In preparation for this post, I asked you what you, my readers, are struggling with regarding sex, and passed those struggles along to Aimee Heffernan.
Read Part I of her answers here.
In preparation for our interview, I sent her a list of your concerns to review. Right away we noticed some themes and will be talking about those themes instead of answering question by question.
How to Have Conversations about Sex
Everyone who wrote in a problem they’ve been having need to be open and honest with their partner about what their problems and concerns are, regardless of what they are.
That can be easier said than done however, so here are some tips from Aimee about how to start these conversations:
“Many people want to talk about improving sex, but don’t even know how to get started.
How do you initiate this conversation? What is also hard is that sometimes people are very reactive in these sensitive conversations. Ego starts playing a role. Men have performance anxiety thinking, “Oh am I not doing it good enough? I need to be pleasing my woman.” And then shame and reactivity can get in the way of these conversations.
Women, on the other hand, have beauty and body image issues.
If you are looking for a concrete way to have these conversations, there are many helpful questionnaires you can find online that have a gazillion questions, like, “Do you like to be kissed on the neck? Are you interested in doing or receiving ______?”
Sometimes the answer will be, “No way!” or maybe, “I’m not really interested, but if my partner was I would be okay with it.”
Another idea I recommend is to have a picture of a body and you literally point to places where you like to be touched. Point out where your erogenous zones are.
[Note: In the book 31 Days to Better Sex there are two activities that sound like what Aimee is describing here. They are both from the early chapters of the book, the ones you might be tempted to flip past to get to the juicy advice about new or exciting things to do in bed.
But these early chapters of 31 Days are about you being more comfortable with yourself. For one exercise, you must, no exceptions, come up with five parts of your body that you think are attractive. This was hard, but important.
In other activity, similar to what Aimee is describing, you have to come up with three places where you like to be touched. We went into these activities thinking we knew what each other’s answers would be. We both learned a lot and if we hadn’t forced ourselves to think about those things, and say them out loud, we wouldn’t have known.]
“Another thing I do is I ask people to describe, in detail, ‘What would your ideal night of sex look like? Do you like candles? Are you taking a bath first? Where in the house are you? What is your ideal, your fantasy?’
Sometimes I say this and, often women, but it’s usually the low-desire partner looks at me like, “What are you TALKING about? I don’t want sex at all.” And there’s a sadness in that. That your sexual self is shut down to the point where you can’t say “Well, this is what I think might be sexy!”
[Note: Something worth clarifying: I think part of what Aimee is describing here isn’t “If you can’t describe, in detail, your ideal sexual fantasies, then that is sad and you should feel bad.” Rather, the thing she keeps emphasizing is that your brain, your imagination, those need to be engaged in finding what you want in sex because there’s not a magic wand, or a book, or a technique, that is going to make someone suddenly become sexual. It starts with knowing yourself.]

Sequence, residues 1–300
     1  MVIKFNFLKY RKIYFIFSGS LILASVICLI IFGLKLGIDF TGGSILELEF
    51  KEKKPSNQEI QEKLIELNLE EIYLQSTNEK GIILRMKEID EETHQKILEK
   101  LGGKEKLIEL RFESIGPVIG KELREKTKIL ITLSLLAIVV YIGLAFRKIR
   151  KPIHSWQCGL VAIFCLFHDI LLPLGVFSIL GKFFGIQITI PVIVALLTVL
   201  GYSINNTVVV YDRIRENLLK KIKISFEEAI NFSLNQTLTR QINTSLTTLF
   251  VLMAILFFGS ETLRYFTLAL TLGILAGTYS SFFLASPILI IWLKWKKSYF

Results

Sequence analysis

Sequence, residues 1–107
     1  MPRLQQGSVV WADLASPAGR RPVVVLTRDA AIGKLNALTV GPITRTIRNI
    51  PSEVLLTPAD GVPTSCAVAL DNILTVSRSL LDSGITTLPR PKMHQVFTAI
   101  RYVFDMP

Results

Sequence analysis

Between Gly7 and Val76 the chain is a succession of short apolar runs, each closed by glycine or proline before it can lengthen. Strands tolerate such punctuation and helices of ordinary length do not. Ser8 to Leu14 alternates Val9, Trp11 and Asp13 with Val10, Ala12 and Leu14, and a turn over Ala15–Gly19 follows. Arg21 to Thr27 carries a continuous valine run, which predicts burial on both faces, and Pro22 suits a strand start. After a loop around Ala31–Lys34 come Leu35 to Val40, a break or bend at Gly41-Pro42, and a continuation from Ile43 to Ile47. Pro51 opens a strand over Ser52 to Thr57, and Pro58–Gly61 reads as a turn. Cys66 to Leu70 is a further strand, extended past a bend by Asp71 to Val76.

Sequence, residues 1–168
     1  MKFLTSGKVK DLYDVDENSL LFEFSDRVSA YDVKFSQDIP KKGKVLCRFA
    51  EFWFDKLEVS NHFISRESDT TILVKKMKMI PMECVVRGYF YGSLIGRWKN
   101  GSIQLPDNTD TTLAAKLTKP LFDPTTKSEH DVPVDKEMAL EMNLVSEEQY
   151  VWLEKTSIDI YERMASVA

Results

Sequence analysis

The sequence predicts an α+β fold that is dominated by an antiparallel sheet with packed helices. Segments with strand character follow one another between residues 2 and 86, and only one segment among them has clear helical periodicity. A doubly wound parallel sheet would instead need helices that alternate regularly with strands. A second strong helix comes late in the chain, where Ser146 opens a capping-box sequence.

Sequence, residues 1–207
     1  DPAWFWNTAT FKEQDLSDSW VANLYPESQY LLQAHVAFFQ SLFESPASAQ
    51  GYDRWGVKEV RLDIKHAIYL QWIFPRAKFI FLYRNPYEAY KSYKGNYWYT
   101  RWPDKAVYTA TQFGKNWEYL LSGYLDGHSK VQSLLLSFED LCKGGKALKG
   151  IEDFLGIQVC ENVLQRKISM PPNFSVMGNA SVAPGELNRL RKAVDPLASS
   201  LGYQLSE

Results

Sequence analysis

With low-libido individuals, they feel like there’s nothing there, there’s nothing to pull up. But I feel like, if we keep thinking and trying, we always find SOMETHING down in there. People have those things – it’s part of our nature to be sexual.
Just getting erotic conversation happening between the couple is REALLY helpful. It can nip a lot of sexual problems in the bud. And it’s sexy! Of course, that’s if you can do it a way that won’t’ hurt someone’s ego. For a low-libido partner, they might hate these conversations. But just being able to talk about sexual fantasies and desires together can do a lot to solving your sexual difficulties.
Make it About Just One of You
[Many of you reported struggles with the specifics of foreplay and getting aroused, here is a great tip from Aimee to try out if you are struggling with this (and even if you’re not!)]
Here’s another suggestion that I give to couples a lot: have a night where it’s just about one person. Just about their pleasure. The other person that night, they don’t get touched even, it’s not about them. It’s just about focusing on the one person, what they want, what they are feeling. And along with that, the person who is the one receiving, they have to explain what it is they want.
The issue with women when they have a low-libido or having trouble orgasming, they’ve never done much personal self-discovery and reflection to know what works for them. That’s part of being comfortable with themselves and their body.
When someone comes to me with a problem of “I can’t orgasm” that sometimes requires doing a whole “sexual autobiography.” There are so many aspects and mindsets that play a role in how someone thinks about and experiences sex. Sometimes there are traumatic parts of their lives. I really recommend working with a therapist if this is the case, but working through your past and your mindsets about sex is part of knowing yourself and can be really helpful in overcoming hold-ups around sex.”
Thanks so much for your advice and help Aimee! This was really helpful!
If you have any great tips on how to have conversations about sex or just mixing things up- let us know in the comments!